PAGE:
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SBJ/20090323/Forty Under 40
Published March 23, 2009
Dan Beckerman’s ascent during his 12 years working at AEG has been nothing short of remarkable, according to his boss, Tim Leiweke.
Beckerman, a newly minted Forty Under 40 Hall of Fame member after making the cut a third time, was promoted as AEG’s chief operating officer in May 2008. With that, he oversees day-to-day business for one of the largest corporations in sports and its 50 subsidiaries.
Beckerman, who also retains his title as AEG’s chief financial officer, is now one notch below president and CEO Leiweke on the company’s organizational chart. Leiweke jokes that he is running out of plaudits for his right-hand man.
“I’m glad he’s turning 40 because I’m tired of going to these dinners and honoring him every year,” said Leiweke, tongue firmly planted in cheek. “This is getting expensive. Ironically, for a guy that was our CFO, he’s costing us an enormous amount of money.”
Seriously, Beckerman has been Leiweke’s point man for AEG’s rapidly expanding global empire during the past decade, during which he has worked with financial institutions and partners to raise $5 billion, including $2 billion in 2008.
In a brutal domestic economy, Beckerman, among his many duties, has been principally involved in putting the finishing touches on L.A. Live, AEG’s $400 million mixed-use development across the street from Staples Center, the firm’s flagship arena.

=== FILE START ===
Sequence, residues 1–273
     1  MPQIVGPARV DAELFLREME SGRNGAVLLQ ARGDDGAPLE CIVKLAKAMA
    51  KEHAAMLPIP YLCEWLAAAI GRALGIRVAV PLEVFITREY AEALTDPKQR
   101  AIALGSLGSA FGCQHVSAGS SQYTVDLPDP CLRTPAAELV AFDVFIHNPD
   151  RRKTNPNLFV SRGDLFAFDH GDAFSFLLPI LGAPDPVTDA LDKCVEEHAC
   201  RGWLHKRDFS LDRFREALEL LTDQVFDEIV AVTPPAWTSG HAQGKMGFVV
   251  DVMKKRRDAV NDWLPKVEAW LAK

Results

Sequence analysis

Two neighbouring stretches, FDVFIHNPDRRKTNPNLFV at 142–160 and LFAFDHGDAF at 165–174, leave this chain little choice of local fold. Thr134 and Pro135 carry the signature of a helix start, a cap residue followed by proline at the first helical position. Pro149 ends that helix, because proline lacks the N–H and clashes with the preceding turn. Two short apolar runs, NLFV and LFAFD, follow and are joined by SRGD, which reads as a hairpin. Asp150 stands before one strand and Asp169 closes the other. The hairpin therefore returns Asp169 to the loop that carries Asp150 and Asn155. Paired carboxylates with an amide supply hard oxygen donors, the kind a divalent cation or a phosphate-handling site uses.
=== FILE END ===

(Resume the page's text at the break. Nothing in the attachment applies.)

At a time when many retail and entertainment projects next to sports facilities have stalled, Beckerman has secured financing for the complex’s venues and its hotel/condominium project, encompassing more than two dozen leases and contracts.
As of late February, AEG’s new global partnerships division under Beckerman’s watch was about to close a deal with an integrated media company to become the last of eight founding partners for L.A. Live, another indication that Beckerman can get things done during the recession.
As AEG wraps things up in its own backyard, Beckerman’s attention turns to ongoing facility projects in Houston, where the firm is investing in an MLS stadium for the Dynamo, and its joint venture with the NBA to build three arenas in China.
In addition, AEG is competing to develop a new arena in Copenhagen, Denmark, and through AEG Live, its event production division, there are plans to create new live shows adjacent to the O2 arena in London, formerly known as the Millennium Dome, Beckerman said.
“That whole district has been very successful and we see a lot of different uses for that project,” he said.
Keeping in mind the global downturn, AEG has tapped the brake pedal ever so lightly as the company seeks future opportunities in sports and entertainment, Beckerman said.
“Throughout AEG’s life span, it’s been all about development and growth, but as we look forward, we are taking a more measured approach to new capital projects,” he said.
It’s a skill Beckerman displays as well as anyone as he peers into his crystal ball, Leiweke said.
“He is my long-range thinker, and for a guy as young as he is, it’s amazing that he sees the world 20 years out and not two years out,” Leiweke said. “That shows an amazing amount of patience and maturity for him as a business leader.”